Mo’ Art, Mo’ Problems

It's a great day for podcast fans, with Mike Dawson talking to Craig Thompson for the latest episode of TCJ Talkies. When his Habibi was released last fall, Thompson seemed to appear on every podcast produced, even those devoted to things other than comics, like fishing and plumbing, and so we decided to hold off until a bit later and see if it wouldn't make for a slightly fresher interview. Now we find out if that strategy worked.

Also, continuing the sex-in-webcomics theme started by Shaenon Garrity earlier this week, Sean T. Collins contributes a review of the anonymously produced q v i e t.

Elsewhere, Mahendra Singh has started his series of posts on the work of Moebius with a very technique-heavy look at Airtight Garage, which he provocatively links to the Goldberg Variations.

Graeme McMillan doesn't like the term "artcomix." What he may not realize is that no one likes the term artcomix. And that's true whether it's spelled as one word or two, with an x or an s. But the alternatives (such as "alternative comics") are pretty bad, too. And a shorthand way of differentiating between stuff created by artists who are trying and those who are merely fulfilling a commercial formula is often very helpful, at least for those of us who regularly write about comics, so this dilemma isn't going away very soon.

The anonymous fellow or lady behind that New Yorker cartoon critique Tumbler from a couple weeks ago explains the philosophy behind the site more here and here.

Chris Stigliano reviews the new Nancy collection.

Finally, I don't believe we've mentioned yet that Sparkplug Comic Books is holding a fundraiser to publish several new books. I know I just wrote last week that I tried not to link to these kinds of things, but this too seemed worth an exception.

11 Responses to Mo’ Art, Mo’ Problems

  1. patrick ford says:

    Comics is fine, what needs a new name is the so called “mainstream” stuff.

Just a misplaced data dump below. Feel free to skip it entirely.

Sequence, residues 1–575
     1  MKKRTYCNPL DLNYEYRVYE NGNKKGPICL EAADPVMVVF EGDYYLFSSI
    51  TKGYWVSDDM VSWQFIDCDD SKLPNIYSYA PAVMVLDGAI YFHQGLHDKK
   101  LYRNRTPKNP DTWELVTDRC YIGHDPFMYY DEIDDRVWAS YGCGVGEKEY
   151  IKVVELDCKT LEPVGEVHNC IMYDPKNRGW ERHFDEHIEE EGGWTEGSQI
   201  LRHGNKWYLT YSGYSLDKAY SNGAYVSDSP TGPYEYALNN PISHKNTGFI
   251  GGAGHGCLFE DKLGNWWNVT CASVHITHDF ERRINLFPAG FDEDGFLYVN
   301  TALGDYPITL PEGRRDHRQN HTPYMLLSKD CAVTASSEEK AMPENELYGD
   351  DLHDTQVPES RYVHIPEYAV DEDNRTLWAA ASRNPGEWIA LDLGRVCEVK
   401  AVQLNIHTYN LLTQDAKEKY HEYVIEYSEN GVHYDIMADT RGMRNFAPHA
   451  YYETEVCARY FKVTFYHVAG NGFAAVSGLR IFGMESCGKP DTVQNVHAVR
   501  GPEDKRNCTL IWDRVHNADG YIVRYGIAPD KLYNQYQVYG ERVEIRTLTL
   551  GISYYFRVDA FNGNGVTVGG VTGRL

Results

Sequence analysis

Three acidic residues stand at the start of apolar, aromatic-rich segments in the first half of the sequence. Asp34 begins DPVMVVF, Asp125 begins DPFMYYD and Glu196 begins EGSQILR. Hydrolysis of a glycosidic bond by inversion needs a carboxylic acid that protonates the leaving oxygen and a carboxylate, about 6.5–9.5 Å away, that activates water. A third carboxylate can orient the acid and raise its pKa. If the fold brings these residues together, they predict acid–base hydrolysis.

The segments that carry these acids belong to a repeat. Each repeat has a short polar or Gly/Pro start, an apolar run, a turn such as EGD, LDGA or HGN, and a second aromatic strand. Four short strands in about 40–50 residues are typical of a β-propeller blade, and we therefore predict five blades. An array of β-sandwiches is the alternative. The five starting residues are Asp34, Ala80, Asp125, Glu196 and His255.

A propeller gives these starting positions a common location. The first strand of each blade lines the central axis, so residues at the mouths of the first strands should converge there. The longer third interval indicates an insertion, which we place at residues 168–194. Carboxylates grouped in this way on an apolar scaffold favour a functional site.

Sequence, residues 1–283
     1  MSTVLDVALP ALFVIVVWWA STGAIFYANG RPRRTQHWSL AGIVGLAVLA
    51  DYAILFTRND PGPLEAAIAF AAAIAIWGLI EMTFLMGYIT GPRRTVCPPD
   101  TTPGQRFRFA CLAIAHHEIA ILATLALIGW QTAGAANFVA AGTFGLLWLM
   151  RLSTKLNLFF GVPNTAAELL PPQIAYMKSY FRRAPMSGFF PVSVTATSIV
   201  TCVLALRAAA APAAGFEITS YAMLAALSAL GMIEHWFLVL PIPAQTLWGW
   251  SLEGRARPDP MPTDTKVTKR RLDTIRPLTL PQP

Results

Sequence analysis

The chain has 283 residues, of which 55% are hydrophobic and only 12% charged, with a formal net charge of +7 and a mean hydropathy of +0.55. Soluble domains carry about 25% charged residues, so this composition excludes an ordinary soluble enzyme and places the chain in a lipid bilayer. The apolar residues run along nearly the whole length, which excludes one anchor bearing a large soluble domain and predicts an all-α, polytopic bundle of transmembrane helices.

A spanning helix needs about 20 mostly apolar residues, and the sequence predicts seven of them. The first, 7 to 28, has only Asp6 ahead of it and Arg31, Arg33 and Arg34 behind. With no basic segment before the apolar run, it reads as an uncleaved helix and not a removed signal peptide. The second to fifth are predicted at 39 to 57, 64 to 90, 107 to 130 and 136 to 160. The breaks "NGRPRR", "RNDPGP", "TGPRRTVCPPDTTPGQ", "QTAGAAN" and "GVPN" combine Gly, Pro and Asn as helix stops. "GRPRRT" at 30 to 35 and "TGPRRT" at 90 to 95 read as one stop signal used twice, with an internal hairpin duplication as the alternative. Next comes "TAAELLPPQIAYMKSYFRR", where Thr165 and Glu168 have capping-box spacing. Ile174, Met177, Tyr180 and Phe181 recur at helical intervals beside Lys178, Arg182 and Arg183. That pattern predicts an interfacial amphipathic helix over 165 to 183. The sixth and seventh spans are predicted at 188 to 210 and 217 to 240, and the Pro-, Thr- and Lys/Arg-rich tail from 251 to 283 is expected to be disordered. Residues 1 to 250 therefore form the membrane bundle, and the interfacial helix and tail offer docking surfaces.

My suggestion would be “Weird-ass fetish crap.”

  2. Ian Harker says:

    Tim, is differentiating “art comix” as a sub-genre of “alternative comics” even worse in your book? I don’t use them interchangeably, i think of art comix as specific thread within.

  3. Francis Dawson says:

    sexy etsy comics?

  4. Tim Hodler says:

    No, it’s not worse. It’s all annoying, but I don’t blame anybody for trying to communicate with the poor vocabulary we have.

  5. Guido-Vision says:

    “Weird-ass fetish crap” makes them sound more interesting than they usually are, no?

  6. My grandma called them funny books, and that works for me.

  7. Dave Knott says:

    In the world of fiction book publishing, there are no terms, aside from “literature”, for serious-minded books to set themselves apart from genre material. A new novel from Hiroki Murakami is branded as nothing other than fiction. Contrariwise, commercial books do have specific labels. A Danielle Steel book is a “romance” and the new Sue Grafton is a “mystery”.

    “Art comics” don’t need a special term to set them apart from the general category of “comics”. Rather, the onus should be on commercial or genre comics to come up with specific labels to differentiate themselves.

  8. Ian Harker says:

    The market share for mainstream comics is still so lopsided that “comics” as a term tips heavily in the favor of capes among the preconceptions of the American public. And yes, this can get you looked at funny in polite company.

  9. Briany Najar says:

    Hence, in a lot of places, use of the word “comics” refers specifically and unambiguously to the heroic-fantasy genre,
    as if the word “film” evoked nothing more than action flicks, and for the most part, Westerns.

  10. Dave Knott says:

    Eugh… my apologies for misspelling the name of Haruki Murakami.

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